Not only do children need their fathers, fathers need their children. 

Dr. David Blankenhorn, says, ‘Children endow a man’s life with a larger meaning. They confer a special blessing on his worldly endeavors, endeavors that might otherwise seem small and unworthy. Children make it possible for a man to believe that he has lived a good and purposeful life’” (Faulkner pp. 117-118).   

Judith Wallerstein has studied the effects of divorce on children and families. When she began her studies she thought that children were strong enough to adjust to their parent’s divorces. But she found that children have much tougher problems with adjustment than had first been recognized. She discovered something else too. Young, divorced fathers who were separated from their children also suffered developmentally. She found that some fathers never recover a sense of purpose or direction; they cannot grow up into fully mature men outside the structure of the family.

So what does a good father look like?

Here’s an example of what one young man had to say about his father, “My dad just has a way about him.  He can help us keep things straight. Dad had the uncanny way of keeping things in perspective”.  To illustrate what he meant, he described his very last high school football game. It was the last game, the last play, and the last quarter. There was time for only one last play, and he had to throw the ball. If the pass was good, he’d be a hero; if the pass was bad, he’d be a goat. He threw the pass and the pass was intercepted.  He was the goat and he came home late and hurting. His dad was waiting up for him. “Son I’m sorry the game was lost tonight, but let me ask you a question. You know Brice?  (his little nephew). If we could reverse the outcome of the game by cutting off just the very tip of one of Brice’s little bitty fingers, would you be willing to do it?” The son replied, “Oh, no, Dad!  I would never do that”. And then the dad said, “I didn’t think you would. So I guess winning the game wouldn’t have been worth even the tip of Brice’s little finger then, would it?” And the young man said that when his dad said that, he felt like a tremendous weight had been lifted off his shoulders. This is the power of a father.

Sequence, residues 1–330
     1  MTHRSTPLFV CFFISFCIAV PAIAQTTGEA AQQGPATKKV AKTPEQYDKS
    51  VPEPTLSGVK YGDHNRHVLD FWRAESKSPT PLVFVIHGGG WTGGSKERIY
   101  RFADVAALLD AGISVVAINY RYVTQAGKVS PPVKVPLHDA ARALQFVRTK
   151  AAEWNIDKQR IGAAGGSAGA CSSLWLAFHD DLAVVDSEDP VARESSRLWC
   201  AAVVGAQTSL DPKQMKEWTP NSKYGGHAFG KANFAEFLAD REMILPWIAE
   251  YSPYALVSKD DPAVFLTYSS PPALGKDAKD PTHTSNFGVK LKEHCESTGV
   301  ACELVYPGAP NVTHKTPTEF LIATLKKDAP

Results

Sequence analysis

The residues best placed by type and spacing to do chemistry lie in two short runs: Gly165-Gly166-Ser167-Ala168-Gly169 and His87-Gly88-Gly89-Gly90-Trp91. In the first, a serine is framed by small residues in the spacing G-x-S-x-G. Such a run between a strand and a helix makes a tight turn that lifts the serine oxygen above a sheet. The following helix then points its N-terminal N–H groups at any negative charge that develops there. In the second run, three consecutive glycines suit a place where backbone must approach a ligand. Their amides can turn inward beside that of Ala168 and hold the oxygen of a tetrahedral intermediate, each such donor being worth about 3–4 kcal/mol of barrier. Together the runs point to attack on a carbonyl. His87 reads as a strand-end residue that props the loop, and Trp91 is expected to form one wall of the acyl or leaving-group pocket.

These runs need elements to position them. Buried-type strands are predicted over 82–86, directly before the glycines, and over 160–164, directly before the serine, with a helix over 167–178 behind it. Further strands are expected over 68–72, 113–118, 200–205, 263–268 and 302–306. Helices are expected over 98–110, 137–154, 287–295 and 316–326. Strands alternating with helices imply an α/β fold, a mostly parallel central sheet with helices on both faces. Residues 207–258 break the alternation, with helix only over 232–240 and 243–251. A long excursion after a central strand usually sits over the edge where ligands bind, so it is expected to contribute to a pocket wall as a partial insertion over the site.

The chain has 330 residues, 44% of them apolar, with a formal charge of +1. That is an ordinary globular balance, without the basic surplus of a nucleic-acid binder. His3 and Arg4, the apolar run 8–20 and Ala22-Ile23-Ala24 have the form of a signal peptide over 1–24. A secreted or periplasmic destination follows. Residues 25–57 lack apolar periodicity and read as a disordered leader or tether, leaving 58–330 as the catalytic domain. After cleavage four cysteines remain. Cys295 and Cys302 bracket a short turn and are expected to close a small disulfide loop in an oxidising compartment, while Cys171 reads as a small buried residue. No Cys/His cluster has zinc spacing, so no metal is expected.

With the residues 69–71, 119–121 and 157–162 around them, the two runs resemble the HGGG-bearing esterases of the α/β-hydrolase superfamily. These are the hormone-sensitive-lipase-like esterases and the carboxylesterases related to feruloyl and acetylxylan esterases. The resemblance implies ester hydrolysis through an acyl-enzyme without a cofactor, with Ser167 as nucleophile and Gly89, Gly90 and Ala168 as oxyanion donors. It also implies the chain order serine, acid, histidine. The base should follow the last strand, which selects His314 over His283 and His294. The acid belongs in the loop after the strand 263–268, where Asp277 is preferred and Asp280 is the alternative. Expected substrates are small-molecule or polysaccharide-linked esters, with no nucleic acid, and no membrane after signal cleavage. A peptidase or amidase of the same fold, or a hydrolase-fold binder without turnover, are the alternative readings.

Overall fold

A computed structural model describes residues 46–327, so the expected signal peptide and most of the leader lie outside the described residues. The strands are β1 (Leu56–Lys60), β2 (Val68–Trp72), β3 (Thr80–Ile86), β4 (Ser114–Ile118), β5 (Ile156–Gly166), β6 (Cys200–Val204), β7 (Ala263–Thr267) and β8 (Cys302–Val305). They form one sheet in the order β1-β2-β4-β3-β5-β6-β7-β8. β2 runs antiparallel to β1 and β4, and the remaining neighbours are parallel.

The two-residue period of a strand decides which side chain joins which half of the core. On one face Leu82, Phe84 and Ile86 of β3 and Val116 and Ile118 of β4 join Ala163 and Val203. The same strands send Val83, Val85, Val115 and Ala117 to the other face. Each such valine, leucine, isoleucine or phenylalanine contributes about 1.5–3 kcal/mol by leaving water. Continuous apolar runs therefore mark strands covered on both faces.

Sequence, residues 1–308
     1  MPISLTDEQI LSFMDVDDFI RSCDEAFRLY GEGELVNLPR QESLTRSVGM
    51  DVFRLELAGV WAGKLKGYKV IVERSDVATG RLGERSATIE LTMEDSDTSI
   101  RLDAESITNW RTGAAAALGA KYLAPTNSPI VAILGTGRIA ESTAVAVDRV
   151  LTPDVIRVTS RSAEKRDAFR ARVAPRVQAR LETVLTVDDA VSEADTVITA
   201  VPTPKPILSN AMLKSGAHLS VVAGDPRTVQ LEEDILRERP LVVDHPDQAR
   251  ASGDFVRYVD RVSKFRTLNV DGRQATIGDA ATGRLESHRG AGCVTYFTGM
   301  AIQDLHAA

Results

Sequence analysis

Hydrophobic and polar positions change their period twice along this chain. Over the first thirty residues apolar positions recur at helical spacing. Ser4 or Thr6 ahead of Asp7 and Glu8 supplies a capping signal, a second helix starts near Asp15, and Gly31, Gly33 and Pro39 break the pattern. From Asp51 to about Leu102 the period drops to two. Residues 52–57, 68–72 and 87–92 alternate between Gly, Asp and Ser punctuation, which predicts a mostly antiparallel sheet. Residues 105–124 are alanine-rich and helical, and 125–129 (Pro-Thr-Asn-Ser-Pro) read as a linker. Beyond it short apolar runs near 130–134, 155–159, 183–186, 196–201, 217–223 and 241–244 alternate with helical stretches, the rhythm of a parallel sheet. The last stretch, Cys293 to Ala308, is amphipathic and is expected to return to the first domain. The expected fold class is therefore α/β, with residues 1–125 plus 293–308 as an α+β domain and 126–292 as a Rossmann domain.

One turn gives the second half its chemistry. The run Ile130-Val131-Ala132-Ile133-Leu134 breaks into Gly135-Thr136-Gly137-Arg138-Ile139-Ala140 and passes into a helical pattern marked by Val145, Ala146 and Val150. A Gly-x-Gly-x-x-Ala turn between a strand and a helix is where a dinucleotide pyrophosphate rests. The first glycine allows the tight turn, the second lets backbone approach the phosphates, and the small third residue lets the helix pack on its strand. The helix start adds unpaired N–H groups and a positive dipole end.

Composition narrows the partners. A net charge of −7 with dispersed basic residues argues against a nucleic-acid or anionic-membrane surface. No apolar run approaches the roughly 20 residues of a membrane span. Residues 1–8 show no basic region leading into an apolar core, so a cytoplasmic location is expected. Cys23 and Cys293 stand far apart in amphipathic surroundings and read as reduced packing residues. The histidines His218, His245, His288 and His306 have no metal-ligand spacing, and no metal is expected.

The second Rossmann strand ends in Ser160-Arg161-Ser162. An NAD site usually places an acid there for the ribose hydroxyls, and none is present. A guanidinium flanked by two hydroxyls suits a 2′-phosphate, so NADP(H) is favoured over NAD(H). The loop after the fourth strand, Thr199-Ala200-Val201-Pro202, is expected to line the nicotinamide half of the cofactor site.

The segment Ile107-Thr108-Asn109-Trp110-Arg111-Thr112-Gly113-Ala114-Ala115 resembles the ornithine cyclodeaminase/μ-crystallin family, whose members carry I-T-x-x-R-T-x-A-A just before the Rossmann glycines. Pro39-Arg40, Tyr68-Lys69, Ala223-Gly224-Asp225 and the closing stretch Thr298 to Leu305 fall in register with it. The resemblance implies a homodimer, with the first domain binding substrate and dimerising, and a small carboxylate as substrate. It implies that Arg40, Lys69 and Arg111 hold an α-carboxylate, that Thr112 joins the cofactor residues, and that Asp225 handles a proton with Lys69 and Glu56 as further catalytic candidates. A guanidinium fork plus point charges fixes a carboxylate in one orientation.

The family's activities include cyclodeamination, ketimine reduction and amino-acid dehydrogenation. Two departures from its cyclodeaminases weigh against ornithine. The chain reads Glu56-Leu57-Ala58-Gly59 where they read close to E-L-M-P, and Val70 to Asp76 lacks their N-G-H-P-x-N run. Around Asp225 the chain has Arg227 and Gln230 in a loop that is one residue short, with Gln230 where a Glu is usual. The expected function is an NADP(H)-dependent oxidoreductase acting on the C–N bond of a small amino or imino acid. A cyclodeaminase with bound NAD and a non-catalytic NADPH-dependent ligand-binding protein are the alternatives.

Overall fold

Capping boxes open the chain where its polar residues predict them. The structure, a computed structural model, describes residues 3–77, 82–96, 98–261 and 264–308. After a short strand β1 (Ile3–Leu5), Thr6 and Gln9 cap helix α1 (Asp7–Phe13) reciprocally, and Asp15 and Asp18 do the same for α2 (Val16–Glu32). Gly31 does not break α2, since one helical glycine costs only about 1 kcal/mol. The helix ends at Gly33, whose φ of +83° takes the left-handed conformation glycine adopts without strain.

In conclusion

Dads, you hold a tremendous amount of power and influence when it comes to your children. You need to take this responsibility seriously and get involved with your children. If you know you haven’t been the best father, then we dare you to make the necessary changes before it’s too late! There are plenty of wonderful resources available to help you along your way. We also recommend parents to try a parenting course. There are many on offer – from birth to teens. You can find The Father’s Mandate in the Growing Kids God’s Way course, one of the many Growing Kids International curriculums.

Baby Guardian Vaccination Clinic offers parenting courses in the Midrand/Centurion area in Gauteng, South Africa.